The parable begins as do many of Jesus’ teachings with a recognizable situation, but like many of his stories, it shortly leads to surprises. Those listening to Jesus would understand the situation of the time when there were no welfare benefits for the unemployed. Those who did not find work would no money to support themselves and family. (In our times, similar destitution still happens in rich societies, especially now with the disruption of the cost of living crisis.) The word used in the translation – ‘idle’ – France says should not be taken as often today, meaning deliberately doing nothing. Rather – as they themselves explain – they are not working because no one has hired them when they wanted to work. This much at least some of the first listeners could have understood and probably had sympathy for. Then comes the shock of the reward: all get the same pay.
France writes, ‘The reader instinctively sympathizes with the aggrieved workers. It doesn’t seem fair.’ While the landowner is “technically correct” that the first workers got what they agreed for, why do we still feel that something is wrong?’ This is not an employment practice we would commend today! ‘But the kingdom of heaven does not operate on the basis of commercial convention. God rules by grace, not by desert.’
It is very easy to fall in with the idea that God ‘owes’ us a reward for any good we do, our service, but while God does promise abundant returns, people forget that God’s offer of love and salvation is pure gift. None of us has done anything to deserved forgiveness. Still we are tempted to feel we have ‘earned’ something for accepting that grace and trying to live as God asks – and to look down on those we think less worthy. The parable, France says, call us ‘to re-examine how far [our] reactions are still governed by human ideals of deserving rather than by the uncalculating generosity of the kingdom of heaven…. The blessing of eternal life is the same for all. Some are not more saved than others.’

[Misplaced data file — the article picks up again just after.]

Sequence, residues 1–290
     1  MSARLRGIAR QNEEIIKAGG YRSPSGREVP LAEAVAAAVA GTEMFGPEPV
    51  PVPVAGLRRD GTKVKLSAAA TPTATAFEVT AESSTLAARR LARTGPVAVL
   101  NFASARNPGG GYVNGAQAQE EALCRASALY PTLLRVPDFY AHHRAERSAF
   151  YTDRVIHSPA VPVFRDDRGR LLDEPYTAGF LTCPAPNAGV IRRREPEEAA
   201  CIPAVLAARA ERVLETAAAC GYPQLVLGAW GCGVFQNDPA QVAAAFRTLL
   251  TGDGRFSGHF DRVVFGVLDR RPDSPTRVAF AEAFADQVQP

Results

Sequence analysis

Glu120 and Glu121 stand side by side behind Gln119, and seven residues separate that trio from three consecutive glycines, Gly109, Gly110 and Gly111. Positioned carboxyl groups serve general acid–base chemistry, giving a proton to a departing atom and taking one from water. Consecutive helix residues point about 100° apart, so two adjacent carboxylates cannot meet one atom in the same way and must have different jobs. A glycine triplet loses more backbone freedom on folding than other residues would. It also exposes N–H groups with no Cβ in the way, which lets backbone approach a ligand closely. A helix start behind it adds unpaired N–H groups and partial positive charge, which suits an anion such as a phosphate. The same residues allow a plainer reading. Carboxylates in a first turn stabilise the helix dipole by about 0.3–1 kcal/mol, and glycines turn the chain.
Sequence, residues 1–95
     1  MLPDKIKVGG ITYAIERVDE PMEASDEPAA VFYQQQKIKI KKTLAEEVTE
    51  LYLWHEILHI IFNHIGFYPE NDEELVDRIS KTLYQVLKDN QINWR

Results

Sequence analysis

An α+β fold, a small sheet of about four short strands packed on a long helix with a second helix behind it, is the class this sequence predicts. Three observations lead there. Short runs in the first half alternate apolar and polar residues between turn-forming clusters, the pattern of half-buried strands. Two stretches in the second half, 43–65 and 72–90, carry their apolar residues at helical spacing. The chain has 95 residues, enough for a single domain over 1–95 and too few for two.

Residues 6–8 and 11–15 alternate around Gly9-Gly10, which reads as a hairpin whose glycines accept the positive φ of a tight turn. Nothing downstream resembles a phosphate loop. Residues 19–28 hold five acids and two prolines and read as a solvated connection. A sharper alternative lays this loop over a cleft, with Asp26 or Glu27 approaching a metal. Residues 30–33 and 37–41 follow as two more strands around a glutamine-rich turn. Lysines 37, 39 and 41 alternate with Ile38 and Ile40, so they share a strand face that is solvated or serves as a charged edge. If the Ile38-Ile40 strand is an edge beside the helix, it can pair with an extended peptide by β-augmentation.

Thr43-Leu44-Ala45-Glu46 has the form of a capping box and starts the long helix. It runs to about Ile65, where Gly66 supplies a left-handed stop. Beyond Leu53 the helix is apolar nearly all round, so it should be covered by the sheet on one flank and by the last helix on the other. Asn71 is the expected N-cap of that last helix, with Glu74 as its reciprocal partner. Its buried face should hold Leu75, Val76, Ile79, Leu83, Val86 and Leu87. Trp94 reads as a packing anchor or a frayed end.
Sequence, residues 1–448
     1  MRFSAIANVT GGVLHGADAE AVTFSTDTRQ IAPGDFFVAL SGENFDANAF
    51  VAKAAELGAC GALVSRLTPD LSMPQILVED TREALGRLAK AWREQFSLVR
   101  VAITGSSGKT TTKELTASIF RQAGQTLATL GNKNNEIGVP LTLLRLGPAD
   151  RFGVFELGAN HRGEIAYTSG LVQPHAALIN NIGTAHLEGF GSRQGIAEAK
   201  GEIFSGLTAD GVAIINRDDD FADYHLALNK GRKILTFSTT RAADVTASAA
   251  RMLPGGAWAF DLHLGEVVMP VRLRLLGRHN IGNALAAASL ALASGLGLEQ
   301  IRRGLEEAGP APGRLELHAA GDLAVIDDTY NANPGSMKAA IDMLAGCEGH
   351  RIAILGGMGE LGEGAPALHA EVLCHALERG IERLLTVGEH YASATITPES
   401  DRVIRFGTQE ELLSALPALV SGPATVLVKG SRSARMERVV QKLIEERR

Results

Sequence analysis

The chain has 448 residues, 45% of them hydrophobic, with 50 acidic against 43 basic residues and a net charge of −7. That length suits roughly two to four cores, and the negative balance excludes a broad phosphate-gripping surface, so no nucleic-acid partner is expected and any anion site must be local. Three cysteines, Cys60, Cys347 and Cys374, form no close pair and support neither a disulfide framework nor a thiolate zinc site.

Like Luke’s parable of the ‘Prodigal Son’ (15:11-32) Jesus calls us to rejoice in God’s generosity, to be happy that even those whose repentance comes late in the day will be received by a loving Father. If God is generous to others (as the lord says of himself in the parable) we should rejoice, for God has also been generous to us in our failings.
Suggestions for prayer or reflection
Like last week’s Gospel, the theme of spiritual and psychological generosity continues this week – God’s generosity, but one which we should strive to imitate. This parable illustrates that God’s generosity is not paid out ‘per hour’, according to what we think might be deserved. This little story triggers our own gut instincts about what we think we and others deserve; whether our private thought is ‘it’s not fair, they don’t deserve it’ or we inwardly think we don’t deserve things because we’re never quite good enough.
While modern psychology might urge us to have better self-esteem and self-worth, Jesus’ parables take a different tack: frankly our anxieties about being good enough, or what we and others do or don’t deserve, are just irrelevant. It is all swept away by God’s infinite love, welcome, and giving. This is much more liberating than struggling to improve our self-esteem, or trying to be less begrudging towards other people.
- Who do I identify with in this parable – and why?
- Do I struggle with feeling good enough, or feeling I don’t do enough? Do I feel guilty or anxious when good things come my way?
- Do I resent good things coming to others, especially if they don’t seem to deserve it?
- Can I be still, let go of all these thoughts and impulses, and let God’s generosity bless me in any way He chooses? What happens if I forget myself and other people, and just focus on the presence of God?